South-Western - Management  
With Different Work Values, Younger Group Waits for Boomers to Move Aside
Topic Managing Individuals and Teams
Key Words Generation X, Generation Y, Baby Boomers, Millennials, work-life balance
InfoTrac Reference CJ126510104
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News Story

As baby boomers reach retirement age, members of Generation X are ready to take over management positions. The transition could be rocky and will create changes for the workforce. For starters, Generation X has much smaller numbers than the Boomers estimated 76 million. Estimates put this group at between 49 and 59 million. This shortage of replacements workers could be felt most in teaching and nursing, which already have labor shortages.

Another problem brought about by the retiring of boomers will be the loss of expertise. Managers can prepare for this by giving their young workers the opportunity to work with veteran workers through mentoring programs and project teams made up of members of diverse age groups. Some industries are preparing to maintain a connection with Boomers after retirement. For example, the Society of Automotive Engineers has assembled a group of nearly 40 retirees to consult with auto suppliers on a project basis.

The workplace itself could see dramatic change as a result of Generation Xers coming into management. For Boomers, born between 1946 and 1964, work was the way they defined themselves. Xers grew up watching their Boomer parents give all to their careers, with the end result often being divorce, fatigue, illness, substance-abuse and one-track lives. As a result, they value balance in the workplace and refuse the long hours that Boomers often prided themselves on. Workers ages 18 to 37 are more likely to view family as equally or more important than work. Flexible schedules may become more common when members of Generation X make the rules. Accountability will also be important, as this group has debunked its "slacker" image and shown it gets work done through self-reliance.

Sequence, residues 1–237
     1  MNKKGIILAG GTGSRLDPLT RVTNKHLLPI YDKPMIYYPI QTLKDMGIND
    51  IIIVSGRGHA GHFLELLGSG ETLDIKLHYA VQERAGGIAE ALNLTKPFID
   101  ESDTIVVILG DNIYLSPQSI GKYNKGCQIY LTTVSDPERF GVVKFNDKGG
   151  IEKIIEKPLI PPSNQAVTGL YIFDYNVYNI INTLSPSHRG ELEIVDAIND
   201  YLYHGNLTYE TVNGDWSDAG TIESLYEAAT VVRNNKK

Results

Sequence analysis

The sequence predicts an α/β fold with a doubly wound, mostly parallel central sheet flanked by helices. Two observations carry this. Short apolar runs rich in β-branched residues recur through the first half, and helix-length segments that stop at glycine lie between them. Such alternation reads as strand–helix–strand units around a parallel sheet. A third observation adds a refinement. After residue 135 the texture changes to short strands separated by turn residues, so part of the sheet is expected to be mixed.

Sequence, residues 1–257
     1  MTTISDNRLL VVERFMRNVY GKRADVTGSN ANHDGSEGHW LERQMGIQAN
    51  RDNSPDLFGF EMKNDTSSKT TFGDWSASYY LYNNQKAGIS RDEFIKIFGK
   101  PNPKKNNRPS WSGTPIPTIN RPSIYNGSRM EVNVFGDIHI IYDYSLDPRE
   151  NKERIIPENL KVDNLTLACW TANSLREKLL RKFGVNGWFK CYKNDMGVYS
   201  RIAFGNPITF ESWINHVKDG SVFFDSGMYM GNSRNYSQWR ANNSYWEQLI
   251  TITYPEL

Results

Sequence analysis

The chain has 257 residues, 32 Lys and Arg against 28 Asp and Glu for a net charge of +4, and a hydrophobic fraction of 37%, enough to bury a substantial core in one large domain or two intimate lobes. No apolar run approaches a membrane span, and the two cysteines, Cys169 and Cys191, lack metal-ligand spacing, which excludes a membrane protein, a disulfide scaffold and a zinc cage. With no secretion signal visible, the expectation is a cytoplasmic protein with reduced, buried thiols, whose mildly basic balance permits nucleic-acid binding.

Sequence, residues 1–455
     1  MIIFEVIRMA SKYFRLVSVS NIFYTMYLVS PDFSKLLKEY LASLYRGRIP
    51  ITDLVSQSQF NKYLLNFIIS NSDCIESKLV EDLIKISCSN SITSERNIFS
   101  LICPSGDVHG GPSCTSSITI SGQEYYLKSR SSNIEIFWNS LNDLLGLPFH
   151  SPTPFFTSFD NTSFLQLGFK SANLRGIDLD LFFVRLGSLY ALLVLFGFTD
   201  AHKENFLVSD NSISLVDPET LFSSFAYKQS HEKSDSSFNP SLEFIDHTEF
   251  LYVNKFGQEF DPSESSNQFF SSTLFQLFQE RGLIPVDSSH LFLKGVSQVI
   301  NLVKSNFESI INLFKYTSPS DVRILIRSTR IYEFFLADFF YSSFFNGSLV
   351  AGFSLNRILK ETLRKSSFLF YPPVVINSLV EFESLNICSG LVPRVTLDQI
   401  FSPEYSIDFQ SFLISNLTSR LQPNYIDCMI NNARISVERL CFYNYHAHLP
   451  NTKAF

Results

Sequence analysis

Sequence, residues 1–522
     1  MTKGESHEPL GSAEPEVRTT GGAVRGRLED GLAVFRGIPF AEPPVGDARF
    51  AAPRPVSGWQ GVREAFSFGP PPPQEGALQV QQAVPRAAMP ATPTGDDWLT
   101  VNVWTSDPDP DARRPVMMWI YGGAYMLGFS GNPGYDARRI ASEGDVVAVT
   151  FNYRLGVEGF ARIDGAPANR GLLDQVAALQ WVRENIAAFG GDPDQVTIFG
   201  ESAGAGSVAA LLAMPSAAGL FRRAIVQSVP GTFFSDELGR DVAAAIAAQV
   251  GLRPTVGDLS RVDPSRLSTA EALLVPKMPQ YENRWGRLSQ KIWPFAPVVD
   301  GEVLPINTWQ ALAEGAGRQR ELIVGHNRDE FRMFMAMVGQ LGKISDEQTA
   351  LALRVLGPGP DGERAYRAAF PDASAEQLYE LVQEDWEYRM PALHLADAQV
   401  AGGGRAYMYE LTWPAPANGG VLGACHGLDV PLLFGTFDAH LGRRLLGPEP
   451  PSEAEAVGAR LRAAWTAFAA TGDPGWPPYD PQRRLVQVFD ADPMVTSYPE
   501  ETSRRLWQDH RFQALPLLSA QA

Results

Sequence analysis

Meanwhile, the oldest members of Generation Y, or the "Millenials" are graduating from college and starting careers. This generation, described as those born between 1977 and 1994 or after 1982, depending on the definition you use, has been described as diverse and driven and very close to their parents. So far, this group appears upbeat and engaged with good organizational and leadership skills. This generation also prizes work-life balance.


The article describes differences between three generations: Baby Boomers, Generation X, and Generation Y. What are each generation's defining characteristics when it comes to work?


You are the manger of a small department that employs four well-respected Boomers with extensive industry knowledge and connections and two younger Generation Xers who have brought new ideas and energy into your area. However, the two groups often don't see eye-to-eye when it comes to problem-solving and new projects. What strategies can you employ to smooth the transition to management for the newer employees and capture the knowledge of your experienced team members before they retire?

Source "With Different Work Values, Younger Group Waits for Boomers to Move Aside," Detroit Free Press, Dec.27, 2004, pp.NA.
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